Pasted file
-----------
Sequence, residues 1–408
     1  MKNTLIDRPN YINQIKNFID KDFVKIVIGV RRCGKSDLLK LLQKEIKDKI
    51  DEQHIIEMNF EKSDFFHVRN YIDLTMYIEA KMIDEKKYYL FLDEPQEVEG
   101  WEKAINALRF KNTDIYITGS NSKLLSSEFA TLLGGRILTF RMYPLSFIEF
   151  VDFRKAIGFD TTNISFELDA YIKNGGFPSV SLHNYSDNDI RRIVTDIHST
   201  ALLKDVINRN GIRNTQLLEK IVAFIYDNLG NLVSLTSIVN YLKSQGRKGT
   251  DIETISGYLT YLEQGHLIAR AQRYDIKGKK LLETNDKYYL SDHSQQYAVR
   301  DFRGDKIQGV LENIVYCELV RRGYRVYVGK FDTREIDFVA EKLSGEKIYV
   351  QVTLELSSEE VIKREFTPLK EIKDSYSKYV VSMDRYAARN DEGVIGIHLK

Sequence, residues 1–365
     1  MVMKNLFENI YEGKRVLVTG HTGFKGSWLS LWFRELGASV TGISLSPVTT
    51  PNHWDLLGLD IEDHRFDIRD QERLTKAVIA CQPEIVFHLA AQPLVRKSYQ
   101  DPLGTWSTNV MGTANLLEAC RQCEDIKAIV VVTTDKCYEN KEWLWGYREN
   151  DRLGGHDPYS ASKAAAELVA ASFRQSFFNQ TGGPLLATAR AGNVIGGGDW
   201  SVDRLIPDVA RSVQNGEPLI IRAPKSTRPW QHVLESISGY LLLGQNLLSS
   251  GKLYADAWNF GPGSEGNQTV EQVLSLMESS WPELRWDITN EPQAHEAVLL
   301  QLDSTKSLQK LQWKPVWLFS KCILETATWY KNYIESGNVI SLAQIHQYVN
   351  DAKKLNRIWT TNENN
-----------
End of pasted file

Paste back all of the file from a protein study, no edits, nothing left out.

Sequence, residues 1–408
     1  MKNTLIDRPN YINQIKNFID KDFVKIVIGV RRCGKSDLLK LLQKEIKDKI
    51  DEQHIIEMNF EKSDFFHVRN YIDLTMYIEA KMIDEKKYYL FLDEPQEVEG
   101  WEKAINALRF KNTDIYITGS NSKLLSSEFA TLLGGRILTF RMYPLSFIEF
   151  VDFRKAIGFD TTNISFELDA YIKNGGFPSV SLHNYSDNDI RRIVTDIHST
   201  ALLKDVINRN GIRNTQLLEK IVAFIYDNLG NLVSLTSIVN YLKSQGRKGT
   251  DIETISGYLT YLEQGHLIAR AQRYDIKGKK LLETNDKYYL SDHSQQYAVR
   301  DFRGDKIQGV LENIVYCELV RRGYRVYVGK FDTREIDFVA EKLSGEKIYV
   351  QVTLELSSEE VIKREFTPLK EIKDSYSKYV VSMDRYAARN DEGVIGIHLK

Sequence, residues 1–365
     1  MVMKNLFENI YEGKRVLVTG HTGFKGSWLS LWFRELGASV TGISLSPVTT
    51  PNHWDLLGLD IEDHRFDIRD QERLTKAVIA CQPEIVFHLA AQPLVRKSYQ
   101  DPLGTWSTNV MGTANLLEAC RQCEDIKAIV VVTTDKCYEN KEWLWGYREN
   151  DRLGGHDPYS ASKAAAELVA ASFRQSFFNQ TGGPLLATAR AGNVIGGGDW
   201  SVDRLIPDVA RSVQNGEPLI IRAPKSTRPW QHVLESISGY LLLGQNLLSS
   251  GKLYADAWNF GPGSEGNQTV EQVLSLMESS WPELRWDITN EPQAHEAVLL
   301  QLDSTKSLQK LQWKPVWLFS KCILETATWY KNYIESGNVI SLAQIHQYVN
   351  DAKKLNRIWT TNENN